Many governments now have comprehensive systems for reporting progress against targets.  Some have taken this kind of embedding further. Since 2019, New Zealand has required all policy proposals for Cabinet to have a climate impact policy assessment. In relation to structures, the UK is an interesting example of both progress and backward steps. In the late 2000s, it was one of the first countries to create a comprehensive machinery in government, including the 2008 Climate Change Act, with legally binding targets, a Department of Energy and Climate Change, and a Climate Change Committee (CCC) to monitor progress. Later, it also developed plans for a Green Investment Bank. However, all of these (except the CCC) were later dismantled.

Discount Rates: Policy-Centered

Another method to combat short-termism, long familiar to economists and policy analysts, is the application of a discount rate when assessing the costs and benefits of a proposed policy. While discount rates as a concept can be considered a social construct that is set and changed by political, social, or other factors, in some policy settings, they can have a tangible impact on rulemaking and cost-benefit analyses.

For example, the US Office of Information and Regulatory Affairs (OIRA) reviews and approves rules proposed by the Executive Branch agencies, many of which cover environmental standards. The current OIRA Administrator has been using a discount rate to evaluate proposed rules that have proven controversial due to their lower weight on possible losses to current business. Historically, these have been calculated and considered such that environmental regulations are weakened to prevent damage to the contemporary economy. Under the current Administrator, OIRA has returned to using a discount rate last updated 20 years ago (in 2003). This rate uses the average interest rate on US Government bonds over the last 30 years to estimate the discount for future benefits. The result is decidedly progressive in its consideration of future benefits, and the Administrator has also discussed proposing a discount rate varying by communities’ socio-economic status, which also has a bearing on the impact of environmental deterioration for more vulnerable communities.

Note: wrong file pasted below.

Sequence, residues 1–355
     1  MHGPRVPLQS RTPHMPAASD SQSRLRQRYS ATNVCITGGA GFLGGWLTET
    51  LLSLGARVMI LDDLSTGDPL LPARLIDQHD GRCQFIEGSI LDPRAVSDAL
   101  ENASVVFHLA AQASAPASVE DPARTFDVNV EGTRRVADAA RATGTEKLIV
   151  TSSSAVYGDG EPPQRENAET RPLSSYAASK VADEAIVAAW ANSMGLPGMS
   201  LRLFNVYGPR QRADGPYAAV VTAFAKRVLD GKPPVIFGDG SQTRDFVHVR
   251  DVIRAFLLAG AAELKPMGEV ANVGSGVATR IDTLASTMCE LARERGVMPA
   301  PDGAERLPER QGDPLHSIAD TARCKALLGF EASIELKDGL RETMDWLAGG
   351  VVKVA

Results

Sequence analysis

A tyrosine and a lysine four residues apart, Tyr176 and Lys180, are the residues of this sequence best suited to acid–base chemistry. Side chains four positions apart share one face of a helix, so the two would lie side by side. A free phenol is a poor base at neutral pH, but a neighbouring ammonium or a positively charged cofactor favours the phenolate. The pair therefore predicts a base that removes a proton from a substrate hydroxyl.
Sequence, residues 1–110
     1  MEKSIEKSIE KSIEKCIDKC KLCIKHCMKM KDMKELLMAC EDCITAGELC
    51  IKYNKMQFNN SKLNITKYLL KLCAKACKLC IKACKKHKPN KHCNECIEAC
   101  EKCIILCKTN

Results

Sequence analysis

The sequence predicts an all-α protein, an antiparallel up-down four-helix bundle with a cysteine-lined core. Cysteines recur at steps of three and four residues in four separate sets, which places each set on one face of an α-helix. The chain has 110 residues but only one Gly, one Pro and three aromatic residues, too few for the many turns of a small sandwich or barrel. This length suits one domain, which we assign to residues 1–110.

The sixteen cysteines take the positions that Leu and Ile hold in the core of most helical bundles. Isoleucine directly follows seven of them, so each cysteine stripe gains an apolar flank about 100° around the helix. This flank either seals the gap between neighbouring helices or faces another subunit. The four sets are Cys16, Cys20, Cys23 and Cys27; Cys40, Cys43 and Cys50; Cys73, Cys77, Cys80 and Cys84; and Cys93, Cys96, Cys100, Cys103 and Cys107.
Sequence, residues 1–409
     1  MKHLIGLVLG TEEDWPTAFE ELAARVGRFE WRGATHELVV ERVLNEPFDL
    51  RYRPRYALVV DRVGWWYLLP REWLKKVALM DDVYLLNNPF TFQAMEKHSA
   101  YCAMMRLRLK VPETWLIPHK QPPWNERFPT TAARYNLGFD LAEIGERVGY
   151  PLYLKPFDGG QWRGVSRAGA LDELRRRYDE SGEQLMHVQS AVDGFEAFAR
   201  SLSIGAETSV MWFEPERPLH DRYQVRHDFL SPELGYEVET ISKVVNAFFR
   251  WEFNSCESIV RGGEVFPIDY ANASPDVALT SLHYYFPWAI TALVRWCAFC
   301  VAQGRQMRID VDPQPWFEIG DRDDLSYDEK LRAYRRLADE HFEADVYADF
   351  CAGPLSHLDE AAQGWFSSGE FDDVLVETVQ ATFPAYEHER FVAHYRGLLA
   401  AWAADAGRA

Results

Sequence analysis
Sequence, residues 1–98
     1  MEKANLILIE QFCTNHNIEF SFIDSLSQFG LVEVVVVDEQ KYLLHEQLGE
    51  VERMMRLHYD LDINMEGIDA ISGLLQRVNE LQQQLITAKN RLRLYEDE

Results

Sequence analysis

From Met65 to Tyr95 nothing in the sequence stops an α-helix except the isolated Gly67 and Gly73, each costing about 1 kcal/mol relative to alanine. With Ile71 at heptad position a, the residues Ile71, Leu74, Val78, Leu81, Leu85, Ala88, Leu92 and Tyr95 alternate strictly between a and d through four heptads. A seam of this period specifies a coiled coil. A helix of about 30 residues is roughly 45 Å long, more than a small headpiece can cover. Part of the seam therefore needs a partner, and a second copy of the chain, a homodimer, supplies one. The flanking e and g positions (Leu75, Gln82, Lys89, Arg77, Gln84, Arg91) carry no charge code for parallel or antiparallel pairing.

Anticipatory Public Budgeting: Policy-Centered

Anticipatory Public Budgeting (APB) describes the idea that governments should be using their regular budgeting processes to anticipate and manage the impacts of time on their budget — the root of what allows a government to provide services to its constituents. While not yet holistically implemented by any one country, several governments have incorporated aspects of APB, including efforts by the UAE to plan for their centenary (a +50 year timespan), the United States Social Security Administration projecting budgets out to 75 years from present, and the UK’s Office of Budget Responsibility providing comment on long-term impacts of proposed budget decisions. Holistic APB would also include government projections for other aspects of capital, such as assets, human capital, and natural capital, as well as “knowledge assets” like data, intellectual property, and technological expertise. An intermediate approach between traditional line-item budgeting and APB is performance-based budgeting, where agencies have greater spending flexibility but are held to clear key performance indicators as a measurement of success. 

By Eva Louise Martin, with editorial inputs from Jessica Seddon and Geoff Mulgan.